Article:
We’ve survived the terrible twos and now we have to contend with a toddler who is not quite an infant, although he still does drink formula from a bottle, and not quite a kid, despite the fact that he can now demand, talk back and order his parents around—and quite eloquently at that!
My little boy is now in an in-between stage, and as much as parenting books and other parents will lecture that this is the point when independence should be established and encouraged, personal experience has taught me that my son is not your typical kid.
He learned to walk, started to talk and went to the potty not when we expected or wanted him to, but when he decided it was his time.
And so my husband and I must wait. But in the meantime, we have to adapt and make his transition as comfortable as we can by finding “big boy” versions of the things he used when he was little.
The big kid stroller
Of all the strollers we’ve had, we got the most mileage out of our Combi Miracle Turn, which has traveled the US, Europe and Southeast Asia with us. Sadly, our son exceeded the weight limit and despite his being thinner than most kids his age, literally broke the support, rendering the stroller unfixable, a month ago.
The Combi having been his reliable companion, particularly during our move back to the region, my son was naturally distraught. We had our sofa-like, industrial-sized Luna pushchair from London, but he just did not feel as comfortable, as the Combi is made for the Asian climate.
And so we found the Combi Quikids, which carries kids up to 55 lbs. and is as easy to fold and transport as our old Miracle Turn. This version is fitted out for toddlers, with a convenient and much appreciated (by my son particularly!) drink holder attached.
The fabric is also easy to clean (with just a little soap and water for stains) and vacuum, which is perfect for constantly munching toddlers.
The big kid ‘baby bag’
Having been obsessed with baby bags, I felt that three years later, I am still not ready to give up my fixation—not with the multitude of new designs that are coming out in the global market.
While home last Christmas, I chanced upon some bazaar stalls selling bag organizers made for baby bottles and baby things. I didn’t buy any because I figured my son would soon outgrow his formula.
Of course, I was wrong, but luckily, a thoughtful “tita” recently gifted me with one and that has helped lighten my load on certain occasions, as I no longer need to carry an extra baby bag during dinners and quick trips out of the house.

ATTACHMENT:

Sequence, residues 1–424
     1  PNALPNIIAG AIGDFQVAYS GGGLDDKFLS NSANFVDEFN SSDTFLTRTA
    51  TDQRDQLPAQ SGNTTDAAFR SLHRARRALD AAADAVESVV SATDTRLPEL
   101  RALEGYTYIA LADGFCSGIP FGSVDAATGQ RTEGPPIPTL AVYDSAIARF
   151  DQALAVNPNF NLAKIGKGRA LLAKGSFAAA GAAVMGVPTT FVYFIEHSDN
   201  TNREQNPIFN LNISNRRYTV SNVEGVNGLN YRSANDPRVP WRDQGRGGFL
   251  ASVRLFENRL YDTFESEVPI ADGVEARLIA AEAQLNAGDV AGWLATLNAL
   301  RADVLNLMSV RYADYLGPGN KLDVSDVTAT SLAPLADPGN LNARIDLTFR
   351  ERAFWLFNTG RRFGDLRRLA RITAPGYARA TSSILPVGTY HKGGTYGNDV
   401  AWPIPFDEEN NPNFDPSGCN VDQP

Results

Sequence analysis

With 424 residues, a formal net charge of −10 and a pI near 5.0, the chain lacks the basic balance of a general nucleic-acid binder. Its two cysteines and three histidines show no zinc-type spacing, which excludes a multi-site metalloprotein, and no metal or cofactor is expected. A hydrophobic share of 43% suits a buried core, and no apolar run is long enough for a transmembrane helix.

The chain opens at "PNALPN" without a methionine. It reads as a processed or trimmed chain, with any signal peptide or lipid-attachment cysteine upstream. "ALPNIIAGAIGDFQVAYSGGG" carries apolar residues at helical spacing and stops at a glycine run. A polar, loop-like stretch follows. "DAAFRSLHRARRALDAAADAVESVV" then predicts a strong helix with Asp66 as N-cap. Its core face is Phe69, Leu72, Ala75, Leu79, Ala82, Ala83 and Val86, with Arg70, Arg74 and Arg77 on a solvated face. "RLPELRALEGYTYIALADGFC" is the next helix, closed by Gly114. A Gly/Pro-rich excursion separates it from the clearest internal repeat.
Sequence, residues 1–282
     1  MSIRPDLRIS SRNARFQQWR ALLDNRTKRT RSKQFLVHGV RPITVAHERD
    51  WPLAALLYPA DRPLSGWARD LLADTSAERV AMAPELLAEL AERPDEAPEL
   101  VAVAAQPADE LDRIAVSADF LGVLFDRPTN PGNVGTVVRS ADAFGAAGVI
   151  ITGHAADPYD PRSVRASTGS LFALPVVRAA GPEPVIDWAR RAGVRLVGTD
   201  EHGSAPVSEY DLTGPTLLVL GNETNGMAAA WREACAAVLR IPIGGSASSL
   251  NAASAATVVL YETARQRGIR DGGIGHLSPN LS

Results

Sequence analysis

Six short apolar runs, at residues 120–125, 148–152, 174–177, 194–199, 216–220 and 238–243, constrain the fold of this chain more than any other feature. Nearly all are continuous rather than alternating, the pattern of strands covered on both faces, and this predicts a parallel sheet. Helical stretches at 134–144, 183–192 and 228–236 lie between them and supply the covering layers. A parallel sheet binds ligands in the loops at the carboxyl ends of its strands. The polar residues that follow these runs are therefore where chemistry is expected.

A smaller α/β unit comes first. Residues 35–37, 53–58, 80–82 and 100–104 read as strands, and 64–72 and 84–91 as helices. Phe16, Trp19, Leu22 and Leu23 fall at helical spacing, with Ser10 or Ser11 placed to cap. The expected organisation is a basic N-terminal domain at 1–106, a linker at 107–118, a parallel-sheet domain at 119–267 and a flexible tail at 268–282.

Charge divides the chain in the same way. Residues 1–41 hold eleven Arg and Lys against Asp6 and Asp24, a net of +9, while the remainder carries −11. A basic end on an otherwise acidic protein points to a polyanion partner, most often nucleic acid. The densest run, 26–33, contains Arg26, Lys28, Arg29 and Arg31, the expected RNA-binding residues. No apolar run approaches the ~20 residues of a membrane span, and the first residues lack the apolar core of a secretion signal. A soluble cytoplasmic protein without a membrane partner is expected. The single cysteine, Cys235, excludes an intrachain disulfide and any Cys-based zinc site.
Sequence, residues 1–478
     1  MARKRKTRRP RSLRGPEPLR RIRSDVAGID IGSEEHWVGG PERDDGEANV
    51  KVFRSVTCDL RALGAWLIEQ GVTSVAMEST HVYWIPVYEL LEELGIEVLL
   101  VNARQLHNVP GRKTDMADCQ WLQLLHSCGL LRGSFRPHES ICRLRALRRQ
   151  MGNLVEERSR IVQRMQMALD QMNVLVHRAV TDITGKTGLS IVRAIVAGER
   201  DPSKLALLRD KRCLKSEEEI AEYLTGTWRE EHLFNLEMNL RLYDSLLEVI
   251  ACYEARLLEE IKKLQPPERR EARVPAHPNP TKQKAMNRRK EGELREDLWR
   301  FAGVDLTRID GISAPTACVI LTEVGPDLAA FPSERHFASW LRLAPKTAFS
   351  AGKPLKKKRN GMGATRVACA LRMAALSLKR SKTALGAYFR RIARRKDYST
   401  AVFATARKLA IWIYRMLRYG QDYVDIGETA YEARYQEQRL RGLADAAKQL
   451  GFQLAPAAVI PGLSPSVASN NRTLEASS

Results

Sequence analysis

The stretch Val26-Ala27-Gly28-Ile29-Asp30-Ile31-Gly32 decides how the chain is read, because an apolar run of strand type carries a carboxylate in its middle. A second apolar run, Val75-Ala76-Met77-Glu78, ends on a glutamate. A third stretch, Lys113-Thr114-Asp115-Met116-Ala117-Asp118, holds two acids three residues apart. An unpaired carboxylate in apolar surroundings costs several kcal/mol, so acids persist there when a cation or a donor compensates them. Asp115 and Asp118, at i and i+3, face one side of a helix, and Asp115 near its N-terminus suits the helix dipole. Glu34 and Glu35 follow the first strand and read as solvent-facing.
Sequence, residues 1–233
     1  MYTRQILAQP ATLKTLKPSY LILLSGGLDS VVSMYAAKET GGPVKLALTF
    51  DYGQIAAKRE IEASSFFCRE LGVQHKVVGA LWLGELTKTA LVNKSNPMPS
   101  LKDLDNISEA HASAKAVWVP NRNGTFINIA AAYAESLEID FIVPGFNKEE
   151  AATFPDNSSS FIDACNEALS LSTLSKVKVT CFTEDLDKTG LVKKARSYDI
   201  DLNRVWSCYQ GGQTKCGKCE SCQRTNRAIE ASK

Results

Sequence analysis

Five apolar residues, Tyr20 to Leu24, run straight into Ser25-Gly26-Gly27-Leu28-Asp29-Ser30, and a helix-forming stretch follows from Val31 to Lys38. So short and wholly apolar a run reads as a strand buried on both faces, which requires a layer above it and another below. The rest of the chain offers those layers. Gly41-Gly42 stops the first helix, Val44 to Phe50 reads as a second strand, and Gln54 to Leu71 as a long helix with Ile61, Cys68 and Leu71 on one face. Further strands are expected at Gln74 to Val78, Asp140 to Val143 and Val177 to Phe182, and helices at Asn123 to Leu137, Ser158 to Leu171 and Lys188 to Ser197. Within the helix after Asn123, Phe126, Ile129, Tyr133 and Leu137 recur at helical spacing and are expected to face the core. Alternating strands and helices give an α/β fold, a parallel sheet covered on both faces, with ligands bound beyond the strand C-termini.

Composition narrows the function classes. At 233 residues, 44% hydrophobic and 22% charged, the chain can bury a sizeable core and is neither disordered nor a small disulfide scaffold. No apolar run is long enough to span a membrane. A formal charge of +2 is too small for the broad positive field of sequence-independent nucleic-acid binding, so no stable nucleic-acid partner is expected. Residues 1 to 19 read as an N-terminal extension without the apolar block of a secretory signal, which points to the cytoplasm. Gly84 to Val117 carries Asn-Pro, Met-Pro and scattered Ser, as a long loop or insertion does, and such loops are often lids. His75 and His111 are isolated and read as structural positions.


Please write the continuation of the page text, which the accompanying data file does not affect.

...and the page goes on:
Dwell, a new favorite of mine, has come out with the Madison tote, which comes in the same shape, size and style as the popular Louis Vuitton Neverfull GM, but is more waterproof, has more pockets and, because it’s much cheaper, will less likely make you cry in the event that your toddler’s milk bottle spills over—or worse!
The big kid baby bottle
Being constantly flying in and out of countries, we have discovered a great help in Avent’s Tempo bottles and liners.
Unlike in the past when we would pack up to 12 baby bottles for a 24-hour trip to Australia, we can now just pack an Avent Tempo bottle with a replacement teat or two (as we no longer need to sterilize and can just wash them in flight) and as many disposable liners as we need for the trip.
Playtex also has a similar product called Drop-Ins, but we stuck with Avent, since our son was familiar with the teats, and not to mention, its logo (yes, at three, kids start to notice everything!).
Of course, younger kids also use these bottles, but with stronger immune and digestive systems come much more ease in using them.
One thing we’ve realized is that all those notices on toys and books that say for this age or that are completely useless in terms of kids’ preferences.
For while they serve guides for doting parents and grandparents to find age-suitable toys for their little ones, kids just don’t care what the boxes say. My son is completely happy playing with a toy we bought him when he was just one, as he is with a more recent, so-called “age-appropriate” purchase.
To make sure none of his toys are forgotten, we’ve placed similarly used toys together (all cars and other modes of transport separated from all figurines, such as Mickey Mouse and various dinosaur breeds, for example) to make sure that as much as possible, he gets to play with them all.
I’m not sure if it’s my obsessive compulsive upbringing, or if it’s completely normal for kids his age, but our son is actually good about bringing broken or grown-out toys and books to our attention.
Everyday, he sorts through his toy boxes and sometimes, after he’s played with everything in a particular box, he picks one out and hurriedly runs in my direction, loudly declaring what will be our activity for the day: “Mommy look! Toy broken… time to go toy store!”